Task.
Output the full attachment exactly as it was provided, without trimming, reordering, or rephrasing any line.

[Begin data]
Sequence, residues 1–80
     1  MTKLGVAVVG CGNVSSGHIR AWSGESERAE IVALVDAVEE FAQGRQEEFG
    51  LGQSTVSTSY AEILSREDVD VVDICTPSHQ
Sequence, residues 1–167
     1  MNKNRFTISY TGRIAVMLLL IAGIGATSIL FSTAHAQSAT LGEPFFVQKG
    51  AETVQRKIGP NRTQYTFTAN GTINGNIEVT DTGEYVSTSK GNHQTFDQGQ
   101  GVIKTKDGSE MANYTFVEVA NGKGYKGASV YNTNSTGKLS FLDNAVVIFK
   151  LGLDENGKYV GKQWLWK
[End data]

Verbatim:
Sequence, residues 1–80
     1  MTKLGVAVVG CGNVSSGHIR AWSGESERAE IVALVDAVEE FAQGRQEEFG
    51  LGQSTVSTSY AEILSREDVD VVDICTPSHQ
Sequence, residues 1–167
     1  MNKNRFTISY TGRIAVMLLL IAGIGATSIL FSTAHAQSAT LGEPFFVQKG
    51  AETVQRKIGP NRTQYTFTAN GTINGNIEVT DTGEYVSTSK GNHQTFDQGQ
   101  GVIKTKDGSE MANYTFVEVA NGKGYKGASV YNTNSTGKLS FLDNAVVIFK
   151  LGLDENGKYV GKQWLWK